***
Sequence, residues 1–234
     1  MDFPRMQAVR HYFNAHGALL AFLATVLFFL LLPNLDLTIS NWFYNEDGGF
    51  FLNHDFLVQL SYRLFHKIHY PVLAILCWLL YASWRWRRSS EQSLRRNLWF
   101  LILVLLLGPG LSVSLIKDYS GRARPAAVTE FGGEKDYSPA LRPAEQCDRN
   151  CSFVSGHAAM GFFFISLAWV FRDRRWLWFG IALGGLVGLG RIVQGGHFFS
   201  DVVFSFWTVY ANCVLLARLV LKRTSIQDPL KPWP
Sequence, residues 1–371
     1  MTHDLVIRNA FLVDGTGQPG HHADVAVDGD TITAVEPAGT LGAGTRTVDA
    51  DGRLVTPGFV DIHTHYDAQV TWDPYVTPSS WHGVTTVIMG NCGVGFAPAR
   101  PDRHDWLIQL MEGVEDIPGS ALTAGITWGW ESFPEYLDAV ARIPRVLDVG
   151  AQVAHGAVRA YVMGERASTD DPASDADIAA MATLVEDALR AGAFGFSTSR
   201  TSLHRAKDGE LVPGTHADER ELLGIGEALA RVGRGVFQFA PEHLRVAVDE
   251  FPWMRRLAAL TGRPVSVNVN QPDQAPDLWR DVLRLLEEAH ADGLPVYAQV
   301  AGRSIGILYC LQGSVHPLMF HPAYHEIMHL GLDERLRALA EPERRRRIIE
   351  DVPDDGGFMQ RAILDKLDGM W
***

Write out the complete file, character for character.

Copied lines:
Sequence, residues 1–234
     1  MDFPRMQAVR HYFNAHGALL AFLATVLFFL LLPNLDLTIS NWFYNEDGGF
    51  FLNHDFLVQL SYRLFHKIHY PVLAILCWLL YASWRWRRSS EQSLRRNLWF
   101  LILVLLLGPG LSVSLIKDYS GRARPAAVTE FGGEKDYSPA LRPAEQCDRN
   151  CSFVSGHAAM GFFFISLAWV FRDRRWLWFG IALGGLVGLG RIVQGGHFFS
   201  DVVFSFWTVY ANCVLLARLV LKRTSIQDPL KPWP
Sequence, residues 1–371
     1  MTHDLVIRNA FLVDGTGQPG HHADVAVDGD TITAVEPAGT LGAGTRTVDA
    51  DGRLVTPGFV DIHTHYDAQV TWDPYVTPSS WHGVTTVIMG NCGVGFAPAR
   101  PDRHDWLIQL MEGVEDIPGS ALTAGITWGW ESFPEYLDAV ARIPRVLDVG
   151  AQVAHGAVRA YVMGERASTD DPASDADIAA MATLVEDALR AGAFGFSTSR
   201  TSLHRAKDGE LVPGTHADER ELLGIGEALA RVGRGVFQFA PEHLRVAVDE
   251  FPWMRRLAAL TGRPVSVNVN QPDQAPDLWR DVLRLLEEAH ADGLPVYAQV
   301  AGRSIGILYC LQGSVHPLMF HPAYHEIMHL GLDERLRALA EPERRRRIIE
   351  DVPDDGGFMQ RAILDKLDGM W